Where do you see the industry in 10 years?
STOAKES: I'd like to see a lot of healthcare become invisible and designed into our lifestyle in ways that we don't register. This can be woven into the fabric of our everyday existence through our cars to refrigerators to clothes. That's where there's an opportunity for incremental behavior change to happen. We're a long way off from that but I think there are a lot of exciting developments in how diagnostic tools, trackers and analytics are being integrated into our lives.
You see a lot of companies' pitch decks and work with a company throughout its entire lifespan through Startup Health. What do you look for when you're assessing a company's potential longevity?
STOAKES: I look at the founders behind companies. Looking at their mindset is more important than looking at their business model or their technology. The first thing to look at is their long-term commitment. Do they have the perseverance to withstand the endless journey that it takes to be successful in this sector? Without the long-term commitment or ability to soldier on through the industry's endless battles, you're never going to be successful. We also look at their team, who they surround themselves with. It's one thing to be a great lone ranger but it's another to have an inspiring leader that's been able to create a great team that's dedicated to the same mission.
We also look at whether the founders are "batteries included" or not. There are people who when they walk into a room they bring energy in with them and there are people who drain energy out of it. When you organize "batteries included" people who are willing to support each other and go the extra mile, it creates a network effect that's transformative for the entire group.
When combined, impossible dreams start to become more possible. But it's hard. There are many companies that will not make it but there's an upside to that because a lot of the great companies in the next innovation cycle will be started or founded by companies that failed and they'll have learned from their challenges and do it better next time.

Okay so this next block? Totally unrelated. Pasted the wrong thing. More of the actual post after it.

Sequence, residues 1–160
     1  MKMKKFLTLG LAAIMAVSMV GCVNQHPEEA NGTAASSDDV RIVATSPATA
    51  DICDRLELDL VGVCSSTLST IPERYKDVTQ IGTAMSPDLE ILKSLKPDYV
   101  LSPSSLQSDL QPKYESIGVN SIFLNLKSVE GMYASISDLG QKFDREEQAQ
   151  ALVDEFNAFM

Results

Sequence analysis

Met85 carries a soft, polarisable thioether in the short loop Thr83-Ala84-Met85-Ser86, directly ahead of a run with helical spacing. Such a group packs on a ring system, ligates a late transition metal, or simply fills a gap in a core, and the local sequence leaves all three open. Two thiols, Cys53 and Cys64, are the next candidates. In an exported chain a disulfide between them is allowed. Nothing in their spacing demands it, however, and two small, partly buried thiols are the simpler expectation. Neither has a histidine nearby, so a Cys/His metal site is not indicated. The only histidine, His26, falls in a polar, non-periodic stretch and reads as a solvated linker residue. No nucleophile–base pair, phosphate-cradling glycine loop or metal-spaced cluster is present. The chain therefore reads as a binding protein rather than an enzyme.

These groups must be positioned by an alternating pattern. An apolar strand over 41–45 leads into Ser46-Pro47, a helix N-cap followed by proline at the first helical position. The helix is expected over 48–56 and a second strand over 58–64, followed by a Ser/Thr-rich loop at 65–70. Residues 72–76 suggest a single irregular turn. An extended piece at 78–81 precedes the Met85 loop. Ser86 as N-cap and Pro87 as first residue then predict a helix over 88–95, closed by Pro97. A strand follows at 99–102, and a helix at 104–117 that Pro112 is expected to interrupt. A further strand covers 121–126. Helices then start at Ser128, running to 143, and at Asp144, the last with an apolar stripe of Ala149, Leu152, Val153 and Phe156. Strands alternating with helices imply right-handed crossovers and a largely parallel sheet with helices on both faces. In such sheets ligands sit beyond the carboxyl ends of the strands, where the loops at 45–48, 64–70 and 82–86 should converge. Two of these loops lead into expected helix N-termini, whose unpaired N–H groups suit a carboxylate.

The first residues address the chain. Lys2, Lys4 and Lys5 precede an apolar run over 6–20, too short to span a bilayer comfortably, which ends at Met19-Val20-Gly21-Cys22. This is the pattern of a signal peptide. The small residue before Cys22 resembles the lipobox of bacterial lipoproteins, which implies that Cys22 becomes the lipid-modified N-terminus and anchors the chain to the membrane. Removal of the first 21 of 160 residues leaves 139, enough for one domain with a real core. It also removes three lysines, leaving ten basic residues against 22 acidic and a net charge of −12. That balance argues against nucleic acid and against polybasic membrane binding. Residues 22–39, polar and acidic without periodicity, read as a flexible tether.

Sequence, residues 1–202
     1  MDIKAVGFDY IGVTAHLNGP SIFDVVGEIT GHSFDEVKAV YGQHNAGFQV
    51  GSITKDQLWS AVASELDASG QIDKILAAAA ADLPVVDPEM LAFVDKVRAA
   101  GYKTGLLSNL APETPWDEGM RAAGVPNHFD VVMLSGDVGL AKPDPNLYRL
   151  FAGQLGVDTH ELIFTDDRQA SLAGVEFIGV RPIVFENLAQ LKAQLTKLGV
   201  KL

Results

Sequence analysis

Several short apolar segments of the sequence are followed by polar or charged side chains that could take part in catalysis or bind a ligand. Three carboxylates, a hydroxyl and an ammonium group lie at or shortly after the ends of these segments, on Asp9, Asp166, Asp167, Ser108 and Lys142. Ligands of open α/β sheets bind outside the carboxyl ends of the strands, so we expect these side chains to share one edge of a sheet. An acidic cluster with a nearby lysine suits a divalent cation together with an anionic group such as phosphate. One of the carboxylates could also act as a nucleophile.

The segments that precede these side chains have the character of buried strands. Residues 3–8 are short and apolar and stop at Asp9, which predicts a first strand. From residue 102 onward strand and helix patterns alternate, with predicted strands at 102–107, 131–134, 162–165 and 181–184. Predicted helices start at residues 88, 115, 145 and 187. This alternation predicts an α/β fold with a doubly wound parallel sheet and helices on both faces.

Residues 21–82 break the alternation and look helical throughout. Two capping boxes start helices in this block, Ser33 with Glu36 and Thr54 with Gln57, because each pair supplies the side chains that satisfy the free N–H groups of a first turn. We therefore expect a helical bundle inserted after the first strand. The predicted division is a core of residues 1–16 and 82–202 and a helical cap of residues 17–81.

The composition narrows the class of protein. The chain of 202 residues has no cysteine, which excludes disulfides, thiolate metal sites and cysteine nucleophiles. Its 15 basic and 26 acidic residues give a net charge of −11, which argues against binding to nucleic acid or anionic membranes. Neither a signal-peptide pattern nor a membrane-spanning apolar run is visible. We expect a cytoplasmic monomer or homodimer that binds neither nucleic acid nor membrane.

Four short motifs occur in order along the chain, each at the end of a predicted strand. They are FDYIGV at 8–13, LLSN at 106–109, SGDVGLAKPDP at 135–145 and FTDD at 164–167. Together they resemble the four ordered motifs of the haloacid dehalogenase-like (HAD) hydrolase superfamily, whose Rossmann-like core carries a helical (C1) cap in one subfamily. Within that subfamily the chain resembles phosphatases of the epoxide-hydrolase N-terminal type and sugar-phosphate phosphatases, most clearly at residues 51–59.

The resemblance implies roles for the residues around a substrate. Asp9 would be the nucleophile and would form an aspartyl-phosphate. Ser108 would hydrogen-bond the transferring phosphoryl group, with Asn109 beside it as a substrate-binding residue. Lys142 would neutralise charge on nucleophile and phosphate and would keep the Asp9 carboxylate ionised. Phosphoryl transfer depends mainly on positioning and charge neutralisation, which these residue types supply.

During this cycle, what are people trying to get right they got wrong last cycle?
STOAKES: People are moving away from features and trying to create more holistic solutions. There are a lot more real businesses with customers rather than people just building products. Building for the market with real customers is new. A couple of years ago, telehealth was hot but there wasn't that many customers. But the early adopters had customers in mind and now you have clinics and hospitals buying those tools. That's progress.
What are providers searching for right now when it comes to tech tools?
STOAKES: We have a company called Doctor.com doing a lot around reputation management for providers. There are new services for providers that are working to make their day-to-day lives more efficient. It's all across the spectrum whether it's how people are transcribing notes or entering data or providing at-the-point-of-care insights.
Overall, there's still too much fragmentation. If you're a hospital CEO, it's really confusing. Which solutions do you use? There are thousand of different ones. That's a big challenge.
What's one book, whether it's healthcare centric or not, you think everyone should read?
STOAKES: "The Inevitable: Understanding the 12 Technological Forces That Will Shape Our Future" by Kevin Kelly, a founding executive editor of Wired magazine. I think it's very fascinating to think about these big tech trends in the context of healthcare.